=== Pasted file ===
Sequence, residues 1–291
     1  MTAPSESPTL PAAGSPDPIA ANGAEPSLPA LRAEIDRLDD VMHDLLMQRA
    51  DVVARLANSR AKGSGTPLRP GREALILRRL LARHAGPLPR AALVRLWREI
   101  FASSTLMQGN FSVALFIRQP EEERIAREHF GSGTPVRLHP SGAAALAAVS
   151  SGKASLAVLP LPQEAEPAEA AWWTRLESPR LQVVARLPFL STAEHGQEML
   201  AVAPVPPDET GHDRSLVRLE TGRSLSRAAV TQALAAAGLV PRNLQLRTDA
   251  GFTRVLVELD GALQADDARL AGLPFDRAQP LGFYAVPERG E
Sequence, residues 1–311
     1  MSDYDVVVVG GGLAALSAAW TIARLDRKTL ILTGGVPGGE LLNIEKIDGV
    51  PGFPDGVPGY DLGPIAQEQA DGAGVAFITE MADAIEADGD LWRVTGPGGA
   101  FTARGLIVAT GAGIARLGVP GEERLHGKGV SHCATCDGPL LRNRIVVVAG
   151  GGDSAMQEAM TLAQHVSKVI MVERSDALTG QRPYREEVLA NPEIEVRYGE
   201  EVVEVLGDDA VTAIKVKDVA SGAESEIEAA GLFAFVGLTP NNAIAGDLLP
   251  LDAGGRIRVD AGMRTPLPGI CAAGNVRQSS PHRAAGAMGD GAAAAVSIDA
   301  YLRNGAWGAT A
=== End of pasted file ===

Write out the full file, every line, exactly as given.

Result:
Sequence, residues 1–291
     1  MTAPSESPTL PAAGSPDPIA ANGAEPSLPA LRAEIDRLDD VMHDLLMQRA
    51  DVVARLANSR AKGSGTPLRP GREALILRRL LARHAGPLPR AALVRLWREI
   101  FASSTLMQGN FSVALFIRQP EEERIAREHF GSGTPVRLHP SGAAALAAVS
   151  SGKASLAVLP LPQEAEPAEA AWWTRLESPR LQVVARLPFL STAEHGQEML
   201  AVAPVPPDET GHDRSLVRLE TGRSLSRAAV TQALAAAGLV PRNLQLRTDA
   251  GFTRVLVELD GALQADDARL AGLPFDRAQP LGFYAVPERG E
Sequence, residues 1–311
     1  MSDYDVVVVG GGLAALSAAW TIARLDRKTL ILTGGVPGGE LLNIEKIDGV
    51  PGFPDGVPGY DLGPIAQEQA DGAGVAFITE MADAIEADGD LWRVTGPGGA
   101  FTARGLIVAT GAGIARLGVP GEERLHGKGV SHCATCDGPL LRNRIVVVAG
   151  GGDSAMQEAM TLAQHVSKVI MVERSDALTG QRPYREEVLA NPEIEVRYGE
   201  EVVEVLGDDA VTAIKVKDVA SGAESEIEAA GLFAFVGLTP NNAIAGDLLP
   251  LDAGGRIRVD AGMRTPLPGI CAAGNVRQSS PHRAAGAMGD GAAAAVSIDA
   301  YLRNGAWGAT A